Editor's Picks

Physician Suicides: Then and Now

Since Gerry FitzGerald's suicide 80 years ago, physician suicide has become a staggering public health crisis that's gone largely ignored.

Resuscitating Premature Infants Against Parental Wishes

The decision to resuscitate an extremely premature newborn is governed by a patchwork of state-level laws that are not necessarily grounded in evidence-based medicine.

Should Physicians Monitor Patients' Sexual Orientation?

Two clinicians sound off regarding proposed sexual orientation monitoring in health and social care settings.

Telehealth: Changing the Physician-Patient Relationship

Additional studies are needed to assess the use of telehealth in urgent and primary care triage, teledermatology, and the management of serious pediatric conditions.

CVS/Aetna Merger May Affect Primary Care

In the new partnership, Aetna will have access to data on pharmaceutical usage patterns that will allow the company to carefully parse the insurance risks it takes on.

Is Concierge Medicine Sustainable?

One of the major pitfalls of concierge medicine is that physicians must limit their practice to guarantee the accessibility offered by the model in exchange for the retainer.

Examining Overdiagnosis in Medicine

Physicians need to think about ethical problems in a way that allows a balance of competing priorities and also leaves room for personalized decision-making.

Should Physicians Facilitate Lethal Injection Executions?

While some support physician participation in lethal injection, others view it as a clear violation of the Hippocratic Oath.

Latest Features

What's Torture Good For? Absolutely Nothing

What's Torture Good For? Absolutely Nothing

Torture has always had its place as a two-faced mythical creature in American society, but no neuroscientific backing for the practice exists.

Examining the Crisis of Physician Suicides: Then and Now

Examining the Crisis of Physician Suicides: Then and Now

Since Gerry FitzGerald's suicide 80 years ago, physician suicide has become a staggering public health crisis that's gone largely ignored.

When Hard Cases Make Bad Law: Evidence-Based Recommendations vs Legal Precedence for Resuscitation of Premature Infants

When Hard Cases Make Bad Law: Evidence-Based Recommendations vs Legal Precedence for Resuscitation of Premature Infants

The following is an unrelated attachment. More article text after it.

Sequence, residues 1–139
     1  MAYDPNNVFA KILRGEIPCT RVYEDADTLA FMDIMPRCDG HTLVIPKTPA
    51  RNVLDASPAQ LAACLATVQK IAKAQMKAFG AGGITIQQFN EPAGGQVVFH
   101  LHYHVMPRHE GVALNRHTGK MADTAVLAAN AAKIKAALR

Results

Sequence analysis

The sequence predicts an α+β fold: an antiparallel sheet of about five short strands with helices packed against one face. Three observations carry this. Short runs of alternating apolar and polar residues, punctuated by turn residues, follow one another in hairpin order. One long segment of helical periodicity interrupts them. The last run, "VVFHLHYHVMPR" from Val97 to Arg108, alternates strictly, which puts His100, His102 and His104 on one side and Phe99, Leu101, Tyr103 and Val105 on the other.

The decision to resuscitate an extremely premature newborn is governed by a patchwork of state-level laws that are not necessarily grounded in evidence-based medicine.

Latest Blogs

When Body Language Says What Words Cannot: Interpreting Patients' Unspoken Messages

When Body Language Says What Words Cannot: Interpreting Patients' Unspoken Messages

Sometimes what someone says with body language is clear, but sometimes it's not — and physicians need to do a little exploring.

Prior Authorization Equals Current Frustration: Challenges in Practice

Prior Authorization Equals Current Frustration: Challenges in Practice

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Insurance companies believe that if there are enough hurdles to jump over — and if the hurdles are high enough — patients and physicians might stop running.

Medical Malpractice: A Closer Look at Payout Redistribution

Medical Malpractice: A Closer Look at Payout Redistribution

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A recent bill passed in the US House of Representatives proposes a number of changes to malpractice liability rules, including a $250,000 cap on non-economic damages.

Electronic Health Records: Is It Time to Uncouple Billing and Documentation Requirements?

Electronic Health Records: Is It Time to Uncouple Billing and Documentation Requirements?

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In the age of the EHR, physicians enjoy improved access to patient information and data, but additional regulatory and documentation requirements have impaired how physicians practice medicine.

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